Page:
“Good morning, Ed, beautiful day, isn’t it?” I said cheerfully and went to find a seat. I ended up five rows back from the front on the left. At first I was the only rider, but by the time we got to downtown Minneapolis the bus was packed with mostly, if not all, commuters. The ride took about thirty minutes (we used the express lane), and I got off on the corner of Marquette and 10th, surrounded by the tallest skyscrapers in Minneapolis. I took a deep breath as I stepped off the bus and exhaled happily. I was enjoying being out and about and found myself in a really good mood. I even gave a five dollar bill to the first street person I saw.
The sun had risen above the tall buildings so I slipped on my sunglasses and walked down the Nicollet Mall to Washington Avenue, where I took a right and continued for a few blocks. Washington Avenue is probably one of the busiest and most congested of all the streets in downtown: loud, smelly and hectic. The noise almost made me almost turn around and head back for peace and quiet of my home. Almost. But I didn’t, and I’m glad.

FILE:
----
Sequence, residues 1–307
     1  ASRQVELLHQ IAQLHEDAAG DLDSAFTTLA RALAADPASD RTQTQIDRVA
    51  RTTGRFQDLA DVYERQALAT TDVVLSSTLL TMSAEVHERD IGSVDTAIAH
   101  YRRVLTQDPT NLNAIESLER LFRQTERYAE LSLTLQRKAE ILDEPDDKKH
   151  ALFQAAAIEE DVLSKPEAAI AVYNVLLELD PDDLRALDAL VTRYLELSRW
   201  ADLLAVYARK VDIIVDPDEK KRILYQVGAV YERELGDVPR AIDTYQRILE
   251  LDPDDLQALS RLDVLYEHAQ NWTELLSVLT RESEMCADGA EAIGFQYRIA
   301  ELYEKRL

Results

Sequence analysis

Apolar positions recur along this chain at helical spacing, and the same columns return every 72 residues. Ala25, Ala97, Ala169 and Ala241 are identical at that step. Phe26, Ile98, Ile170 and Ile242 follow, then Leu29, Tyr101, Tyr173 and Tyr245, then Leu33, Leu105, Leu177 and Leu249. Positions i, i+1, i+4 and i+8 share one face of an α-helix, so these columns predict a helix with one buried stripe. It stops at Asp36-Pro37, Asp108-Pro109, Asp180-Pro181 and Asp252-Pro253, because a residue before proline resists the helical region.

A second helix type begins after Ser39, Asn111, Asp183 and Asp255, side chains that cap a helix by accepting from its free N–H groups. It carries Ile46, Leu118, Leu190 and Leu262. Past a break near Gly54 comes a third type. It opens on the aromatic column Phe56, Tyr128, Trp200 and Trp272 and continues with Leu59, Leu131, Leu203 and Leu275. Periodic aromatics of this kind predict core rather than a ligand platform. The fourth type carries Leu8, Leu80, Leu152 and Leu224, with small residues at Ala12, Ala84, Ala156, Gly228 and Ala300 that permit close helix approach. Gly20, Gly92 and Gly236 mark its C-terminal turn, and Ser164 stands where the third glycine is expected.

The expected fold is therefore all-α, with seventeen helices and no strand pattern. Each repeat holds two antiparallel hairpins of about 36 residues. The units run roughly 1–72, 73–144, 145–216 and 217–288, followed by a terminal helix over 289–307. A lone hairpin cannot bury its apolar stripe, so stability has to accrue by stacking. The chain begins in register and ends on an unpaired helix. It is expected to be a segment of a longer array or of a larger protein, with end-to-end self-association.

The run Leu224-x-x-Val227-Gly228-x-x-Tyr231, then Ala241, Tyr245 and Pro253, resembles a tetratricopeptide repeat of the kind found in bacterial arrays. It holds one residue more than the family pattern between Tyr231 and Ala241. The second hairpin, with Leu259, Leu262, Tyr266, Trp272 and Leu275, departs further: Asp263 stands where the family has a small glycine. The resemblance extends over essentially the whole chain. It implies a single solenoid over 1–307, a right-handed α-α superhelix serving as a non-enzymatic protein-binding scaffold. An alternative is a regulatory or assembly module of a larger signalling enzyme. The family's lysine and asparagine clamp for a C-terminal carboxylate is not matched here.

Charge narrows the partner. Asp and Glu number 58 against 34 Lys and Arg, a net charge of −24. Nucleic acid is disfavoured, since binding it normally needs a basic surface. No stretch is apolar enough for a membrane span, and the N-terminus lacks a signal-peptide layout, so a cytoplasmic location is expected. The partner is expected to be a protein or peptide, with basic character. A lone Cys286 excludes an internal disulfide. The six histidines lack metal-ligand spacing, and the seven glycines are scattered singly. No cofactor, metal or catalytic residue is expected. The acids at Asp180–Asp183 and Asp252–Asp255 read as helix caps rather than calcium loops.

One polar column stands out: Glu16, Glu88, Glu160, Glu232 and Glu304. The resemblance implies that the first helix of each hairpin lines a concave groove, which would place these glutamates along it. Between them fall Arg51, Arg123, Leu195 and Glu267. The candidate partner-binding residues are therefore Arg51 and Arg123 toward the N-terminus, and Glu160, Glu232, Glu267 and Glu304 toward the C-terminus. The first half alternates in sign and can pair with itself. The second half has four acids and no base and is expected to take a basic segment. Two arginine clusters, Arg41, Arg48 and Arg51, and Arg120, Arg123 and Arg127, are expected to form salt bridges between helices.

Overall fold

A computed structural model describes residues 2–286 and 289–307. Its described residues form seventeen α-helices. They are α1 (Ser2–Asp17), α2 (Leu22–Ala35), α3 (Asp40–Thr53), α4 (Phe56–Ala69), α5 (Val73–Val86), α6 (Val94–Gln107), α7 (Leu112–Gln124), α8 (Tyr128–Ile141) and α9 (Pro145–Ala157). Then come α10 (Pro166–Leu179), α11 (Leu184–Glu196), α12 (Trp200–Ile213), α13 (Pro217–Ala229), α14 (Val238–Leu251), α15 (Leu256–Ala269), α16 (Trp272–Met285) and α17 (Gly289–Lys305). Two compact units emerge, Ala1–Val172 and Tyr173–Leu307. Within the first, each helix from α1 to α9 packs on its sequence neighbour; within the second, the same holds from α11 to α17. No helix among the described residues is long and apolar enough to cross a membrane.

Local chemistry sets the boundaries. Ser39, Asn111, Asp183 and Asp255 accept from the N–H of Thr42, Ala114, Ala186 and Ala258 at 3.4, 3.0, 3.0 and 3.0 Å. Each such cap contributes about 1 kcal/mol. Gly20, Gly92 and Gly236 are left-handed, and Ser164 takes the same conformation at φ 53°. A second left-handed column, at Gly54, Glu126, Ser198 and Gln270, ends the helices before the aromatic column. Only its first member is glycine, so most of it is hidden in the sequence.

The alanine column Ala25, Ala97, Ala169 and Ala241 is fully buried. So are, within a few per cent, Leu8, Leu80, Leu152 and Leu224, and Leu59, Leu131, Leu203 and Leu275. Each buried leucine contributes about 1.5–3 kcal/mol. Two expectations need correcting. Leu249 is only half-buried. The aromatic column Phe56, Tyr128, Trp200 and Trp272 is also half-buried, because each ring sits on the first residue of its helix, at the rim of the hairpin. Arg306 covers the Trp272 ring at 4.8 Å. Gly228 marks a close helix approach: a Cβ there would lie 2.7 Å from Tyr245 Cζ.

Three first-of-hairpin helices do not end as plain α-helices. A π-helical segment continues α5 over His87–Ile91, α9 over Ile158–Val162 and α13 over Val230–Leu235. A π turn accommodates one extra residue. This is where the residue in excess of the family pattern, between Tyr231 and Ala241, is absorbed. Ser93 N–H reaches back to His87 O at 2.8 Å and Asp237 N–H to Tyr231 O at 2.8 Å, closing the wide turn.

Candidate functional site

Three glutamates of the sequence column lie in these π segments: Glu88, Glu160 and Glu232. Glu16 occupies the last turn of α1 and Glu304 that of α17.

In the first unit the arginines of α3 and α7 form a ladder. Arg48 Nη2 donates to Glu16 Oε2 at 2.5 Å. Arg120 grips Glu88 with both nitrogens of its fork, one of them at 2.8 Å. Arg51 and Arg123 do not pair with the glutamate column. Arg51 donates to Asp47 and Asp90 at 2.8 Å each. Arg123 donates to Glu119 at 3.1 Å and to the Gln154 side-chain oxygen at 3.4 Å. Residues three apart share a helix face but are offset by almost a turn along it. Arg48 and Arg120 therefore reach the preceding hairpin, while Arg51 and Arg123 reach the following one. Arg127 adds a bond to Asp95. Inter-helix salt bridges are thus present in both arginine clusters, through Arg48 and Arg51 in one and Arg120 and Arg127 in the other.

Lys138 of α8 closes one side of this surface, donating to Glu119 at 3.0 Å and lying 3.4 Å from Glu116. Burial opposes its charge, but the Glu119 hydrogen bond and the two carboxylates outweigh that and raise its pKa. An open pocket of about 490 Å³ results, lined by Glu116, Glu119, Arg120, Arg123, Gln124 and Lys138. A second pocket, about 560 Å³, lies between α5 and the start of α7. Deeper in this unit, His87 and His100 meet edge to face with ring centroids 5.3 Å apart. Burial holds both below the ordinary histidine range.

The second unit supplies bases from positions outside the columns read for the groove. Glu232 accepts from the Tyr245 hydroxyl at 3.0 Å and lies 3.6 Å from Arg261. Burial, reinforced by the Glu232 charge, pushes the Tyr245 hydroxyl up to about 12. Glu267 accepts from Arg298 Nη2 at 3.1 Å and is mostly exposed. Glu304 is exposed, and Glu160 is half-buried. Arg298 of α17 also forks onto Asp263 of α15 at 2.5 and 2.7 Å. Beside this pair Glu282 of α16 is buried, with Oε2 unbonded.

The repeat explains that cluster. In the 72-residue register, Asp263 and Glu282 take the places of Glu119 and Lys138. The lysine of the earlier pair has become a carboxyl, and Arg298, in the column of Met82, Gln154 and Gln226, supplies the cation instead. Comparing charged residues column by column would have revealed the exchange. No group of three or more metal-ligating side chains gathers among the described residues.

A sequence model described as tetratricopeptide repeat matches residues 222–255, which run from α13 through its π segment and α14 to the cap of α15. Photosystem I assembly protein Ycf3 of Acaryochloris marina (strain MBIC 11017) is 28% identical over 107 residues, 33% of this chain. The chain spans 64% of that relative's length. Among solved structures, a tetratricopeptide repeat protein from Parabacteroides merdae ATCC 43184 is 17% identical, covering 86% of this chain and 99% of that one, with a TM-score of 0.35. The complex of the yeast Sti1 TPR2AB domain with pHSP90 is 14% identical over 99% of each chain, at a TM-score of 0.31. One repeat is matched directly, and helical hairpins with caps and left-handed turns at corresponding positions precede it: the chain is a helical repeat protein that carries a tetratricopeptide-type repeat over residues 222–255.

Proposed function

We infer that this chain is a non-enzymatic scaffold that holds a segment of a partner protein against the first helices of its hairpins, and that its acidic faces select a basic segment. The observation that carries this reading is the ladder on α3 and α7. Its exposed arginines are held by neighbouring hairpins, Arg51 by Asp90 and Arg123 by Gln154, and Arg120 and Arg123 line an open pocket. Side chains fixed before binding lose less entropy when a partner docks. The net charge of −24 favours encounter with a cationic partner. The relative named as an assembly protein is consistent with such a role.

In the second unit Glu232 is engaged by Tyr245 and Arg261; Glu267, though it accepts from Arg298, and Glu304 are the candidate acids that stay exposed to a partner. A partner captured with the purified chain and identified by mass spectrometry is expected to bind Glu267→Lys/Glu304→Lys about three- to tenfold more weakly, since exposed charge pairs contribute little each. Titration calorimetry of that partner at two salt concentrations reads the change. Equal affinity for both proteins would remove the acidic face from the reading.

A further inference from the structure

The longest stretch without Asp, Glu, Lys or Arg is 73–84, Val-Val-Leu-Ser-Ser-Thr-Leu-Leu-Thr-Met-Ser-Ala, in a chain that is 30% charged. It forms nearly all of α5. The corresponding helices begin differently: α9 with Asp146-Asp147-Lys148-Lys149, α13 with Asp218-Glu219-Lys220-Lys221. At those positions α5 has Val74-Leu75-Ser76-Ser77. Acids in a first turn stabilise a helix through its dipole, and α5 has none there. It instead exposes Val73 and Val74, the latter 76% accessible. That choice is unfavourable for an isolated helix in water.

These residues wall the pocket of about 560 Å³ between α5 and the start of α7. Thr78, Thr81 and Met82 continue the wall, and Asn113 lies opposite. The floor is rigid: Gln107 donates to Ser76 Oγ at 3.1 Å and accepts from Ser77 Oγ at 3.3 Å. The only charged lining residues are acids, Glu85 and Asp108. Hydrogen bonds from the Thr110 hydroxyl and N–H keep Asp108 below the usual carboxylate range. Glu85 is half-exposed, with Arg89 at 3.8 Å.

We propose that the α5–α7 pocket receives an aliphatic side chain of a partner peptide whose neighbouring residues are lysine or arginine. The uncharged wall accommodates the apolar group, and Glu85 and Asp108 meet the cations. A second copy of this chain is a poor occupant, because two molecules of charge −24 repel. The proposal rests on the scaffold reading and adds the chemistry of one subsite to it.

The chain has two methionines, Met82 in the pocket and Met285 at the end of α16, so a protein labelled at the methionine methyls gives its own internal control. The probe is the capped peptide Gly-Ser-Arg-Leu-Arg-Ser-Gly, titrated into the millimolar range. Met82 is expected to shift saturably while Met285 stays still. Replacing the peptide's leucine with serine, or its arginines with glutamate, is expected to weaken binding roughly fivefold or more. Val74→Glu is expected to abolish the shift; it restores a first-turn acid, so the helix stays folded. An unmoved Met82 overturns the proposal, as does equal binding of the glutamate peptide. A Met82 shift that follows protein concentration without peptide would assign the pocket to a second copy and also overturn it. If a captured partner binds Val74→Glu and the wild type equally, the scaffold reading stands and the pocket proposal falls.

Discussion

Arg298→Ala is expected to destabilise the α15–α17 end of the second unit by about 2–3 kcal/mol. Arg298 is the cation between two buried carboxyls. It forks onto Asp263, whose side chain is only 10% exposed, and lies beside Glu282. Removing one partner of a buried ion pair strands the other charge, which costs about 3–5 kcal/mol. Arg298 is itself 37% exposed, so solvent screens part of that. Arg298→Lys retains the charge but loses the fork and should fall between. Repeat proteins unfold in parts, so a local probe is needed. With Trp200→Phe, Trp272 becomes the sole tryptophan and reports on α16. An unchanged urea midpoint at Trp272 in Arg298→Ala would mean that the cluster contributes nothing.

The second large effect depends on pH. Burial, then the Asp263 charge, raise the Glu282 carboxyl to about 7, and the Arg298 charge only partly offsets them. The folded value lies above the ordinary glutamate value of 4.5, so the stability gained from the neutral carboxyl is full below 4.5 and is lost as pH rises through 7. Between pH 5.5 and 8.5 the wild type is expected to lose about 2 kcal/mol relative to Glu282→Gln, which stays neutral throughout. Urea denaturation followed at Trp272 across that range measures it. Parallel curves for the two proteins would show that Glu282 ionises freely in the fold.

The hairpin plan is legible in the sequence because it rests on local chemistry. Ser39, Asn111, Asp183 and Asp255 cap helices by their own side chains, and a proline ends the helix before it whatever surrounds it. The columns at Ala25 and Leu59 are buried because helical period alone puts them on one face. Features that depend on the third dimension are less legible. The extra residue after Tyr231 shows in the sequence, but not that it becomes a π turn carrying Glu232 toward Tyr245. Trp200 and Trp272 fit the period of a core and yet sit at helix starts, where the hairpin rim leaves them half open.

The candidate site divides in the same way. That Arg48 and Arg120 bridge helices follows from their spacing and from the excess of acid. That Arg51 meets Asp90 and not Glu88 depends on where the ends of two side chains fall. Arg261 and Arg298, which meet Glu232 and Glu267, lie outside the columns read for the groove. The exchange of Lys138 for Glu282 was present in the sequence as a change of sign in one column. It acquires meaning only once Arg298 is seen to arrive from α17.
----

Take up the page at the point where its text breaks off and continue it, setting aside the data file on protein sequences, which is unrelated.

Instead, I took a left on Portland Avenue and continued walking for a block until, suddenly, I stepped away from the noise and congestion of the busy city into a different world; a lush, verdant green, riverfront park that led to the Stone Arch Bridge, the iconic foot bridge that runs for a quarter of a mile over the Mississippi River above Lock and Dam Number One. I paused to take in the scene of the mighty Mississippi with its thundering rapids. Suddenly, I was inundated with memories of when Liz and I used to come down here, to this very spot, in fact, right up until just before she died of a brain hemorrhage three years, two months and seventeen days ago. God, I missed her so.